Not all lenders are created equal! Find out how to secure the best home loan to fit your needs.
If you are thinking about buying a new home, one of the first steps is to establish your price range. The best way to determine your home buying power is to speak with a lender or mortgage banker/broker. S/he will ask you for information to determine your debt to income ratio (DTI). You will need to provide tax returns, W2s, pay stubs, and bank statements, and they will also need to obtain your credit score. There are usually no up-front fees for loan pre-approval, other than possibly a nominal charge for the credit check.
When shopping for loans, it is important to do just that – shop! Not all lenders are created equal, and comparing rates and programs from different lenders will help you secure a loan with terms that meet your needs. Read below to learn about a few types of lenders available for mortgage loans.
Banks are local “brick and mortar” financial institutions that offer mortgages as well as traditional bank services, such as checking and savings accounts. The law requires that banks use a percentage of their deposits for lending purposes. Interest earned from loans allows a bank to lend money for many types of loans including auto loans, personal loans, and mortgage loans.
Many homebuyers will go to their regular banking institution to secure a mortgage loan, in part due to trust and loyalty. Large banks are happy to provide traditional loans, but tend to be very conservative with their lending practices. It is important to know that bank mortgage advisors are often not familiar with all the possible mortgage lending options and do not have the lending flexibility of a mortgage banker or broker. This is in part because bank employed mortgage advisors are not required to attain a federal mortgage license and are usually limited to the mortgage products their bank sells.
Mortgage bankers concentrate solely on securing loans for mortgages. They are federally licensed and should be able to offer a wide range of home loans and lending programs. They typically employ in-house underwriters, which can accelerate the loan process.
The vast majority of California mortgage lenders are mortgage bankers. They do not lend their own money but borrow funds at short-term rates and then sell the loans to investors. Those mortgages are usually sold through Fannie Mae and Freddie Mac, which allows those agencies to set the minimum underwriting standards for most mortgages.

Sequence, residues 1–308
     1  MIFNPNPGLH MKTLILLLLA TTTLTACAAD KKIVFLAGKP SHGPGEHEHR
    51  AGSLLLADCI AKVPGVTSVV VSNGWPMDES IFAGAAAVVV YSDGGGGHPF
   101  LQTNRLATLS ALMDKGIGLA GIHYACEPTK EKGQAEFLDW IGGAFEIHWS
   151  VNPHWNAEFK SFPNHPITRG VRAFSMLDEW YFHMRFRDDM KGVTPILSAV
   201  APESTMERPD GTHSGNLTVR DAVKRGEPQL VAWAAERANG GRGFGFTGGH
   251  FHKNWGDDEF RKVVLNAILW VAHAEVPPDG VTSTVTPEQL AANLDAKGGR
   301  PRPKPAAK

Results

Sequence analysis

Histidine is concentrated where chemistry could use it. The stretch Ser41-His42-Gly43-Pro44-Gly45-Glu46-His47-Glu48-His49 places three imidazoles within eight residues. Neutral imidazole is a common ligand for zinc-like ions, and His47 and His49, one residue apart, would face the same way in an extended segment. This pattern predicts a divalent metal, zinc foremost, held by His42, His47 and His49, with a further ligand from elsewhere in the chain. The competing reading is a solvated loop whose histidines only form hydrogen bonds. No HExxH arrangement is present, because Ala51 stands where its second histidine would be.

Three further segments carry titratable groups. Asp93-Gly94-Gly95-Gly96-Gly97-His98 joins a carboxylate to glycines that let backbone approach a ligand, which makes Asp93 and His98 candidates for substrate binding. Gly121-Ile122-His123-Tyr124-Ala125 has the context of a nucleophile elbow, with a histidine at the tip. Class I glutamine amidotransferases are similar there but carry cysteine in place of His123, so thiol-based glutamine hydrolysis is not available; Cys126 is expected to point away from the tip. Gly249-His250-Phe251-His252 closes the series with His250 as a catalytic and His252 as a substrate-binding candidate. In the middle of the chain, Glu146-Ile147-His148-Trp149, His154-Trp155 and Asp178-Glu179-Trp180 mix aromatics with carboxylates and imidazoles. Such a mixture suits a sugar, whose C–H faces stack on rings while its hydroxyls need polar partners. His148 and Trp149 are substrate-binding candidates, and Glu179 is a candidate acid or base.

A mortgage broker does not make loans. Instead, they work with multiple mortgage lenders to find one that will offer you the best rate and terms. Mortgage brokers are often able to secure discounted rates from lenders compared to what you would get if you approached the lender directly as a retail customer. However, the mortgage broker will also tack on their own fee.
Wholesale and Warehouse Mortgage Lenders
Wholesale lenders are banks and other institutions that do not deal directly with consumers, and warehouse lenders provide short term financing to other mortgage lenders to originate their own mortgages. Mortgage brokers and bankers often work with wholesale and warehouse mortgage lenders to secure discounted rates for your home loan.
Portfolio Mortgage Lender
Portfolio mortgage lenders originate and fund their own loans, and may service them for the entire life of the loan. Because they typically offer deposit accounts to consumers, they are able to hold the loans they fund without selling them to the secondary market. They are also able to offer more flexibility in their loan products and loan programs because they don’t need to adhere to the guidelines of secondary market buyers.
This makes portfolio lenders a good choice for borrowers looking for creative financing. A portfolio lender might help if you are seeking a jumbo loan, considering a unique property, have flawed credit but strong finances, or even looking at investment property.
Subprime Mortgage Lender
Subprime lenders help to secure loans for people with poor credit. The definition of a subprime loan varies from lender to lender, but is generally a borrower with a credit score less than 620. Other issues may affect their debt to income ration (DTI) such as limited income. As a result, interest rates provided by subprime mortgage lenders tend to be higher than standard lenders because of the increased risk.
Hard Money Lender
If you can’t qualify with a portfolio lender, you may try a hard money lender. They tend to be private individuals, though they may be set up as a business operation. Interest rates for hard money loans are usually quite high and require a large down payment. Hard money lenders are typically used by investors for short term loans.
How to Find a Mortgage Lender
Unless you regularly deal in real estate, you might not have any mortgage lenders in your contact list, other than your local bank. Contact your local licensed California real estate agent for a mortgage lender referral. Most real estate agents will have several lender contacts and will help you find one that is the right fit for your situation.